About 8 months ago, I learned of another blog called Stuck in Customs the author is Trey Ratcliff and is an amazing HDR photographer. Head over his way and read the HDR tutorial. He explains extremely well how to accomplish some amazing photos using HDR.
I really enjoy the water; in fact, I believe I may be part fish. I had the pleasure of learning how to kayak at the age of 12 and the freedom to pursue that sport for years on a very regular basis. However, I am not able to go as often as I would like now. This photo is on the river where I learned to kayak and spent a significant amount of time.
I learned not too long ago that Scott Bourne was giving away a camera. I just noticed that he is now giving away two. Head on over to his page’s and check out the offer. Scott Bourne’s camera giveaway And in addition to the giveaways, the articles are always great.
I went to a reunion to meet some of my distant relatives and guess what I found…
I believe that the best way to learn is to pick a good role model and emulate them. I don’t mean copy their work, but learn their style. Give yourself an assignment; like shoot a solo tree on a hill at sunset. Then attempt to apply the style of your newly acquired role model to the assignment. But, after completing the assignment, post it some where so it can be critiqued. If you only hang it in your home, no one else can enjoy it.
I was in Indianapolis several years ago and took this photo. It was near the capitol, but I don’t know the name of the building. I believe it was to the west of the capital building near the canal. If you know, just say it.
So, I missed a day, but here is another one for you.
Shutter Speed… so, shutter speed is used to capture movement. There are two different ways of stopping movement. One: stopping subject movement and Two: stopping camera shake. And, shutter speed is probably the easiest to get right. You can either stop all movement or allow it. In order to have a long shutter speed, you need to have a tripod.
And, photography in it’s simplest form requires only two changes, shutter speed and aperture.
I did not think I would like macro photography until I took this photo. I believe this is one of the photos which began to trigger my artistic side; which I still think I am lacking at.
So, I was standing outside today thinking of light. I don’t really know why I was doing that except maybe it was just too bright for my sensitive eyes. Okay, I was thinking of how easy photography was if you just got one concept…Light. Now, don’t get me wrong, some people have lots of trouble with this light thing. I did too until I realized how to use that built-in light meter thingy (absolutely a technical term). Of course I am talking to those SLRers out there.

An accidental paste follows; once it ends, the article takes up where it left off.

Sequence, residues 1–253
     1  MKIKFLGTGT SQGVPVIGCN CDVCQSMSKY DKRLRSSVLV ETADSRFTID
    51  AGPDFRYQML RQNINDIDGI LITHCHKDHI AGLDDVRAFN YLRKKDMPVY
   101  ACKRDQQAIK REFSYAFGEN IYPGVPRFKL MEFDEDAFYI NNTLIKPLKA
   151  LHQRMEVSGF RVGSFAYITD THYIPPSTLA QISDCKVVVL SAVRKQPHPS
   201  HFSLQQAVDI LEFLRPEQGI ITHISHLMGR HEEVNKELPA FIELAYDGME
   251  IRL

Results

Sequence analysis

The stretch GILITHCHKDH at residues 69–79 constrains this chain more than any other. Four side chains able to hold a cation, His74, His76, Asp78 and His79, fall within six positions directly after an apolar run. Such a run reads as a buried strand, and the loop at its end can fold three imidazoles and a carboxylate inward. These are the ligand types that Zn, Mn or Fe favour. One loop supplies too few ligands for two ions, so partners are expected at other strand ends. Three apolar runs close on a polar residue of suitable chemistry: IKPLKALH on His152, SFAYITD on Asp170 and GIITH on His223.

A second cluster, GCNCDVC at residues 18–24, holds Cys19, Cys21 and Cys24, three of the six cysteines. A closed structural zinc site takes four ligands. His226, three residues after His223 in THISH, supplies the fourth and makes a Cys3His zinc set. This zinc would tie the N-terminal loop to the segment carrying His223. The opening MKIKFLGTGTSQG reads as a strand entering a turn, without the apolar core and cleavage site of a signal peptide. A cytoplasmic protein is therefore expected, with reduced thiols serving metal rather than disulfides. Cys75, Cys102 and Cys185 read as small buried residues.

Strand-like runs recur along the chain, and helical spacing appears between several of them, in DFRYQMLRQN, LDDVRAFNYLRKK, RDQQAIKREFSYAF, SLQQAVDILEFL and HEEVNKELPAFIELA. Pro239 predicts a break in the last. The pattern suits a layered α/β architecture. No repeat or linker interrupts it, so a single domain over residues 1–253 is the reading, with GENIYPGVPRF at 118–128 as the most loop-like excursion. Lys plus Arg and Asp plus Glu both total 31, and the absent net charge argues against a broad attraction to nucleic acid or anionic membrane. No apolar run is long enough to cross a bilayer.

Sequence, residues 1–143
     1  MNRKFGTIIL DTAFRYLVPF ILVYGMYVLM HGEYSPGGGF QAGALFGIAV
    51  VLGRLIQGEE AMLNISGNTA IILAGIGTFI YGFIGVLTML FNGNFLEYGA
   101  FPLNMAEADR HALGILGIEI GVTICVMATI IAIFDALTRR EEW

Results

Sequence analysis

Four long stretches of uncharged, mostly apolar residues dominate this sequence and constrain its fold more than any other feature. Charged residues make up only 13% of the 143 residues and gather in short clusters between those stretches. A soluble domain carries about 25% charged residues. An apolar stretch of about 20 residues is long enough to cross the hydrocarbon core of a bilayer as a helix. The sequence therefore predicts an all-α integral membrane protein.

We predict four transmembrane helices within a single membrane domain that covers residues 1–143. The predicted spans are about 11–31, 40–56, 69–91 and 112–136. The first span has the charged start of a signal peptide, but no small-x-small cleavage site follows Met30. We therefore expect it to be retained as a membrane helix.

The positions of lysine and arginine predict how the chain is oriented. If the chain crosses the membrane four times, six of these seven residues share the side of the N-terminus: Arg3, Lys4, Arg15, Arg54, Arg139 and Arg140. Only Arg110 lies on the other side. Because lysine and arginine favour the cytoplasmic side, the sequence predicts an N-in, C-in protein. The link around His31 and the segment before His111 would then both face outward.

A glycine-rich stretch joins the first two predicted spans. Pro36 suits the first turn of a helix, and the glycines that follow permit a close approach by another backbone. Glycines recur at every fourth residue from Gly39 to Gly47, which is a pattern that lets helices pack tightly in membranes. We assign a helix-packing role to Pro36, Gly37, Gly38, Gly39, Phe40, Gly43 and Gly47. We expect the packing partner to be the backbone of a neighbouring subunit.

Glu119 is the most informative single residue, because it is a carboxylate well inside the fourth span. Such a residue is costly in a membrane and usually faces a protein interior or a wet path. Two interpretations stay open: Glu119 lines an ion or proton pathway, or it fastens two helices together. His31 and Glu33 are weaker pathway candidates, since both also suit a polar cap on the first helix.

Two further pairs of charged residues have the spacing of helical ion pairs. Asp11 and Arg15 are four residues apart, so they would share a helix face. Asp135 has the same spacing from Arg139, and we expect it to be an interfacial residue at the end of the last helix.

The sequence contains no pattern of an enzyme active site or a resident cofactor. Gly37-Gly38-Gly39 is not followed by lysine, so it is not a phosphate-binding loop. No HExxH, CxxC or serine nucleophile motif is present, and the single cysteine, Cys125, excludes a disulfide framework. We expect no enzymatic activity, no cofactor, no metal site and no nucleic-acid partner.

All a camera is for is the collection of light information. If you can mentally break the collection of that light down into two parts it becomes very easy. First, Aperture. Aperture is like a faucet. Turn it on (make the hole bigger) and it opens the water flow faster. This lets more water out. Same thing applies to the camera. “Turn the faucet on” and brighten the photo up.
So that’s the first half of capturing light. Tune in tomorrow for the second half…shutter speed.
Okay, so I wasted most of my time I could, and should have been, using to write this post attempting to make wordpress work. I don’t know what happened, but I know I wasted lots of time for a small amount to show.
I know most of you are from all across the world, but I know this is how construction looks now around me. Maybe someday things will be back to the way they were. (I know that is just wishful thinking.)
Okay. So a while back, I received my first digital SLR. It took about 5 minutes for me to completely fall in love with photography. I have never been the artistic type, and, at first, my camera was purely technical. However, if I was not already married, I would have a hard time putting the camera down. Now I just have a hard time finding the time to teach her how to use the camera when I am not.
So, with introductions done, I begin the journey sharing with you my photography and the joys I have received from “behind the lens”.
I live near a major metropolitan area, but find myself continually drawn to old structures, buildings and landscapes. One of these days my wife will learn to stop complaining when it takes me too long to drive home.
Barn on a Hill
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